What is Intelligence: Equivalence of different neural architectures

Equivalence of different neural architectures

There are so many neural net architectures targeting one goal, for instance, you have VGG16, LeNet, ResNet, etc. All targeted at one goal, Image Identification.

I have always puzzled about this, why is it that widely differing architectures are designed to achieve the same goal, i.e. image identification.



VGG16 Network Architecture https://i.stack.imgur.com/3R0Kd.png

Google Inception network 

ResNet architecture

If widely different network architectures can be used to achieve the same goal then they are computationally equivalent. We can take this argument further to say that since the brain is also a network, then it is computationally equivalent to these different artificial neural networks.

Does this mean that the brain is structured like a typical artificial neural network? In terms of nodes and edges, yes, but that is how far it goes. 

What can we gain from this insight? it all boils down to what I have been trying to say for some time now. The best representation for any problem is in the form of a network and more research has to go into understanding abstract network structures. 

If varyingly configured networks can all achieve the same goal, that means they are a kind of specialization of some abstract kind of network. 

If we take all the networks that do image recognition together, we can confidently say that they are a specialization of some very abstract network structure, and if we prune of some details from all the networks we can start getting close to some root network structure for which all the possible networks for image recognition are kind of like leaves.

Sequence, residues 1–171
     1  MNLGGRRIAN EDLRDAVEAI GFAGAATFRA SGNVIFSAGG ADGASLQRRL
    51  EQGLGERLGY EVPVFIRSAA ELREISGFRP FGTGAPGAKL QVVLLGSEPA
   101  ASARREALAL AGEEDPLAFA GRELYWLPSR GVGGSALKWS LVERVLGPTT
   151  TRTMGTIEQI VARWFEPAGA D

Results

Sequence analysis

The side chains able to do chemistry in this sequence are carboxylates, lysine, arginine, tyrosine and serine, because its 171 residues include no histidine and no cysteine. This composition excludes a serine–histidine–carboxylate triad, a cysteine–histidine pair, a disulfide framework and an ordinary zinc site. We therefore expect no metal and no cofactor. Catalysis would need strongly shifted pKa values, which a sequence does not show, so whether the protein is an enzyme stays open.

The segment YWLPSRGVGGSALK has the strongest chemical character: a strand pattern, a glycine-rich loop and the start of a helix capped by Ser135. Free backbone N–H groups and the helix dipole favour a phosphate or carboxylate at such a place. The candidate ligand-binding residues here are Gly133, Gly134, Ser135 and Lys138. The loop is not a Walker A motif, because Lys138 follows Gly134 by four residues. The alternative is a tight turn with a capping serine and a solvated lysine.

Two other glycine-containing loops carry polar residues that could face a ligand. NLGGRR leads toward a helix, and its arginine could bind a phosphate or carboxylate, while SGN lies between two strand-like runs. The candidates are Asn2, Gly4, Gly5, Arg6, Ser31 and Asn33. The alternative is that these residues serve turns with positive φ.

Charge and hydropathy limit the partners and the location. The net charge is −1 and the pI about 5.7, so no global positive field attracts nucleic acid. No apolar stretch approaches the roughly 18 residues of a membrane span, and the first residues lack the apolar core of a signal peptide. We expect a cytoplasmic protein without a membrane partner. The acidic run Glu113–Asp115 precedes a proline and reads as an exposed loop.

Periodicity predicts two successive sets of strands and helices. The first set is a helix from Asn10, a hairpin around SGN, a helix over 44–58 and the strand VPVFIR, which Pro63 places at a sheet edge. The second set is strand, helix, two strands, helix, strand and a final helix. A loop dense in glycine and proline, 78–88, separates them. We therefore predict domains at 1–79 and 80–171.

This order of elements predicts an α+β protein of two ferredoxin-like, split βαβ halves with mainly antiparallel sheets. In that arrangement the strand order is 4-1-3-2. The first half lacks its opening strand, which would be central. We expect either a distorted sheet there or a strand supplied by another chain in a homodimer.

We can take this generalization further to enclose all possible classification networks, all possible artificial neural networks and eventually the human brain as a network.

If it was possible to find a kind of generalized format for all neural networks and we encode all possible neural networks in this format and pass these as training data into some neural network, I think we can arrive at the most general possible network that can do everything the individual networks it was trained on can do and more, theoretically this would be the most powerful kind of network.

Many problems can be efficiently solved if they are represented as a network. I think this is why the human brain is a network of neurons. To fully understand networks we must generalize what we think of as constituting a network. The neural structure of the brain is an explicit network because one neuron is connected to the other in a direct manner. Actually, no neuron connects directly to each other in terms of one neuron touching another. There is actually some space between one neuron and the other in synaptic clefts, communication is done by sending neurotransmitters from one synapse to the other.

Every other thing in the body is actually a network even if it is not represented explicitly as it is in a neural network. If one cell sends information in the form of some molecule like a hormone to another cell, their relationship can be modelled as a network. 

Something is an edge if it facilitates communication between two nodes and also a node can be an edge if it facilitates communication between two nodes. 

Stephen Wolfram even explores the idea of space as a network in his book A New Kind of Science. 

Networks are the most powerful structures for representing many kinds of problems and solutions. Neural Networks simply solve a problem by taking a network architecture and manipulating the weighted connections between the nodes until a network configuration of weights is obtained that enables the network to solve all kinds of problems. 

My plea is that we should study generalized arbitrary kinds of networks because they could yield powerful structures that enable us to solve most of our problems more efficiently just like different neural networks have different levels of efficiency. 



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